Whether it’s the North Korean leader’s eccentric haircut, or his passion for basketball, Kim Jong-un’s quirks get more attention than the depravities of his police state. As Adrian Hong, a one-time Atlantic columnist, succinctly put it in 2014, the world has always been “more interested in the oddities of the oppressors than the torment of the oppressed”.Eight years ago, Hong – born in Mexico, but of Korean descent – was understandably impatient about the world’s inaction over North Korea. He wanted to act. Today, as a result, he has an international arrest warrant out in his name. In this mesmerising book, Bradley Hope, a former reporter on the The Wall Street Journal, expertly traces Hong’s path from softly-spoken, idealistic, Ivy League activist to incongruous global fugitive, against the backdrop of North Korea’s short yet turbulent history.In 2015, Hope helped break the story of one of the biggest money-laundering frauds in history, Malaysia’s 1MDB financial scandal. In 2020, he co-wrote a book on the Crown Prince of Saudi Arabia, Mohammed bin Salman, unearthing a series of striking revelations about one of the world’s most dangerous men. Yet throughout those years, he kept his attention on Hong, a relatively young Yale graduate, the son of Christian missionaries, active in international human rights issues, whose chief claim to fame was selection to the inaugural class of TED Fellows.Like many others, Hope was impressed by Hong’s combination of drive, charisma, knowledge and high ideals. Hong even secured a White House photo op with the Obamas, so intent was he on raising the profile of his advocacy work. But Hope also sensed a naivety in the tech-savvy humanitarian with a fragmented identity and supersized ideas.By the time of that Atlantic article (a broadside against The Interview, the 2014 comedy film about Kim), Hong had already helped set up – and left – an NGO to assist North Korean refugees in passing safely through China, en route to freedom. It had led to him and others being briefly jailed in the country. The experience sharpened Hong’s focus, and within a few years he launched a covert group designed to destabilise the North Korean regime by targeting those of its diplomats who might consider defecting.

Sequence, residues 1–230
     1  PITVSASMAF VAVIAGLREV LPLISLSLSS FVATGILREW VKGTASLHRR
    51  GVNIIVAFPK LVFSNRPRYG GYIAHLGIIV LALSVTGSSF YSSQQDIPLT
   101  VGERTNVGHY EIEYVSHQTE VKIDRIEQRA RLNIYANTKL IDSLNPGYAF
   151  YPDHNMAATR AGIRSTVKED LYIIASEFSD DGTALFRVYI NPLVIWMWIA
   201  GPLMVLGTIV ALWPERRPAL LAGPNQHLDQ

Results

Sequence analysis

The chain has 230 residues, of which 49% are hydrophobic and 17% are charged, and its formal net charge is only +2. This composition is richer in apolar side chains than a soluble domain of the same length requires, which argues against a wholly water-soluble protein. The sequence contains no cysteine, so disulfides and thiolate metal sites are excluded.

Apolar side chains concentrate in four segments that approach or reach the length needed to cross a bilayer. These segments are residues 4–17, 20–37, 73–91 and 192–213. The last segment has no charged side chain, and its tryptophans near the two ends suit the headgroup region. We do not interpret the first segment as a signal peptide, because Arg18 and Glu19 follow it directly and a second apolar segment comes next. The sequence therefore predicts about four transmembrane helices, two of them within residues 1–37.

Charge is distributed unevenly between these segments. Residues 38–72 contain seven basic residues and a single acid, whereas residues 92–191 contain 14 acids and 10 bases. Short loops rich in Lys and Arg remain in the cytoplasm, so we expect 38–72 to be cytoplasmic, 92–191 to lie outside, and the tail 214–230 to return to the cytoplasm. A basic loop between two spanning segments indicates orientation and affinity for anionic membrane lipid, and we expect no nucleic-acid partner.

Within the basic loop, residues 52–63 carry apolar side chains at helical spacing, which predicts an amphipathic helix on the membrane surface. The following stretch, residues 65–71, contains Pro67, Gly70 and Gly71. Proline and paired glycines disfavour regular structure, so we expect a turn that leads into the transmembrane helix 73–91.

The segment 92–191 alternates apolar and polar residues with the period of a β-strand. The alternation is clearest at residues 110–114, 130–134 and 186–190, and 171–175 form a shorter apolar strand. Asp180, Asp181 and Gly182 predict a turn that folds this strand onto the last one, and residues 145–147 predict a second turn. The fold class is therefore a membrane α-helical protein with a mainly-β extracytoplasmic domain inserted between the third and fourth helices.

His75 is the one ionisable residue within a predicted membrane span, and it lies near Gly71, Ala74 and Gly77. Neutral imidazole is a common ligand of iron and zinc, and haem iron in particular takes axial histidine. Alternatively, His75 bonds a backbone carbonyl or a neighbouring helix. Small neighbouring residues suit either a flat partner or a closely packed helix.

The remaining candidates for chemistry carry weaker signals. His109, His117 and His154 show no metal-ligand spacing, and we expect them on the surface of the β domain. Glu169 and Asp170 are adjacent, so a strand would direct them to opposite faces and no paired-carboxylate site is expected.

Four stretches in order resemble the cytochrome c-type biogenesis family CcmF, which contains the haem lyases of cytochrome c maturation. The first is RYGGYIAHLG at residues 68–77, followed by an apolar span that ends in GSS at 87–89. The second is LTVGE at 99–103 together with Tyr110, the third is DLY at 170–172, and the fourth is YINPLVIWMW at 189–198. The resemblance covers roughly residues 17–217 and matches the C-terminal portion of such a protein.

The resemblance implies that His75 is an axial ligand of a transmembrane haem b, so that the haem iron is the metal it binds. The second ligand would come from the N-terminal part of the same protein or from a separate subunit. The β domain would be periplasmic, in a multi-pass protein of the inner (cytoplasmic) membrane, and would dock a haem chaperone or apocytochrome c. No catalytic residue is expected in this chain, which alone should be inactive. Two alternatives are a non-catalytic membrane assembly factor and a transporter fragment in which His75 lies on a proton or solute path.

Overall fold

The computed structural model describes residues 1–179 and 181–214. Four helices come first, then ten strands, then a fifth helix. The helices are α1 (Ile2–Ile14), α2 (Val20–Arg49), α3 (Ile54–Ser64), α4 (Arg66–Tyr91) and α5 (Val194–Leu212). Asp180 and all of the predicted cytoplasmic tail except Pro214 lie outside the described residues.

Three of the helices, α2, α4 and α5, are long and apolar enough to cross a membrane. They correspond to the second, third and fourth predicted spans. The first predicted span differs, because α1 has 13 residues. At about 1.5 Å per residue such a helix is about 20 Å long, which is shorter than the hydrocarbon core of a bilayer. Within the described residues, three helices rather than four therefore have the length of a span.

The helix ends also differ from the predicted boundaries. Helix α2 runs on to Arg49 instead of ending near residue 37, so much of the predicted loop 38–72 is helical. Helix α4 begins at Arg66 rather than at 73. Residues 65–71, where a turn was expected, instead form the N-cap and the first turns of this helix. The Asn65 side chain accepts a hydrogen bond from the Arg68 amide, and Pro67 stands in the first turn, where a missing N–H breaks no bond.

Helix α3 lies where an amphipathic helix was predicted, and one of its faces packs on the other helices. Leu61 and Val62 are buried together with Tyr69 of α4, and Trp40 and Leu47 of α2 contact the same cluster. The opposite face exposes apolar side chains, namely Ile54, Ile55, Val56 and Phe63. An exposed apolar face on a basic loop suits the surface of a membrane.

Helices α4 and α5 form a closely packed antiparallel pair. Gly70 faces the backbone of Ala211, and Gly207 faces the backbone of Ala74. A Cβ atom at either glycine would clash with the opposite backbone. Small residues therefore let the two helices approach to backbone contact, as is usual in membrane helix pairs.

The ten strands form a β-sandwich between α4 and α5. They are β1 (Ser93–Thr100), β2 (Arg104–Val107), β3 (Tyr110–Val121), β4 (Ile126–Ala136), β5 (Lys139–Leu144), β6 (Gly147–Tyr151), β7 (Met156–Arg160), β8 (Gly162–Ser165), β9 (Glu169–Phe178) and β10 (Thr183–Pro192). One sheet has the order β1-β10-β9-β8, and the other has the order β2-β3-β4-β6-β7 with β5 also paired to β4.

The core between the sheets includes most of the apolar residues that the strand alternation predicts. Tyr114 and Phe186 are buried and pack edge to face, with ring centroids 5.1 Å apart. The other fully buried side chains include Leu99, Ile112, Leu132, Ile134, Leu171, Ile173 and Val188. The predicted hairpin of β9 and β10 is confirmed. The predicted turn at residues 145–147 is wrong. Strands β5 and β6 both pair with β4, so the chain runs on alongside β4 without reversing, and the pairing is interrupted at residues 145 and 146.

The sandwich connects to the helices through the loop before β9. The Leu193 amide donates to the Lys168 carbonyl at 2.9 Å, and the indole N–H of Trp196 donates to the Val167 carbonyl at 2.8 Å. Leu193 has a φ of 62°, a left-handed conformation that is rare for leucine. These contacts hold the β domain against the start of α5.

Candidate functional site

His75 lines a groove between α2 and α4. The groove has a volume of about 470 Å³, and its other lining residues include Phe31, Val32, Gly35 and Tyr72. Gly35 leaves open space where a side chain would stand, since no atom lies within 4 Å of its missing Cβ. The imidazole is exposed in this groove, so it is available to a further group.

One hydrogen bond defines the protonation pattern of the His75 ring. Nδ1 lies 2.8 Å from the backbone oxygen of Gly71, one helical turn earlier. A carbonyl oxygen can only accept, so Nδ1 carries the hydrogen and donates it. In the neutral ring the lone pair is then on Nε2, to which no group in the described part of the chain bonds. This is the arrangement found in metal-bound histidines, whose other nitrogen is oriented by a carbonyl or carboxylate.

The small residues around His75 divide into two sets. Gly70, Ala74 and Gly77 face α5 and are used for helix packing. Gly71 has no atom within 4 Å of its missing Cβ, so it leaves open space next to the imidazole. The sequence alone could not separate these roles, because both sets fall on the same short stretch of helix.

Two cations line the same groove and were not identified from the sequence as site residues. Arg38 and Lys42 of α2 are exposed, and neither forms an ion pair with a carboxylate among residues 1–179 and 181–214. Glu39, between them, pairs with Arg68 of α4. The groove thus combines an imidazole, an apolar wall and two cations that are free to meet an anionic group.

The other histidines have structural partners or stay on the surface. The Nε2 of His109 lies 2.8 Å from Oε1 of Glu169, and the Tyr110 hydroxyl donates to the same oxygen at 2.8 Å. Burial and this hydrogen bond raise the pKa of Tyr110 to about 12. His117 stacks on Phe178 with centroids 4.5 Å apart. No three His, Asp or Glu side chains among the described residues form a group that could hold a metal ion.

Hope made a point of staying in touch with the increasingly furtive Hong, but journalistically not much came of their long relationship. When Kim had his family tree pruned, killing his half-brother with a nerve agent, it was Hong and colleagues who helped get Kim Jong-nam’s family to safety in February 2017. But by now, though he was dropping broad hints that there was a secret aspect to his work, Hong rigidly compartmentalised his activities.It was only in 2019 that his double life unravelled. That February, Hope rang him after an unexplained raid on the North Korean embassy in Madrid made international headlines. The reporter was keen to pick up any leads as to who might have been behind the assault, particularly as Donald Trump was preparing to fly to Hanoi for his second summit with Kim and the timing made it look like the mission was coordinated to place pressure on the Kim regime. Hong had no suggestions, but two months later, scrolling through Twitter, Hope learnt why. The US Marshals Service had uploaded a wanted poster with Adrian’s face, announced he was sought for his involvement, and declared he was “armed and dangerous”. Hope’s source was suddenly his quarry, though he couldn’t believe that his instinctively generous friend had morphed into a violent fugitive.The “raid” was in reality cover for a planned diplomatic defection that never materialised. This book tells as much of Hong’s story as can be pieced together in his absence (until today he has evaded not just Hope’s clutches but also the US government’s).Fascinatingly, it reveals enough to leave one largely sympathetic with its protagonist – a man still on the run.The Rebel and the Kingdom is published by John Murray at £20. To order your copy for £16.99 call 0844 871 1514 or visit Telegraph Books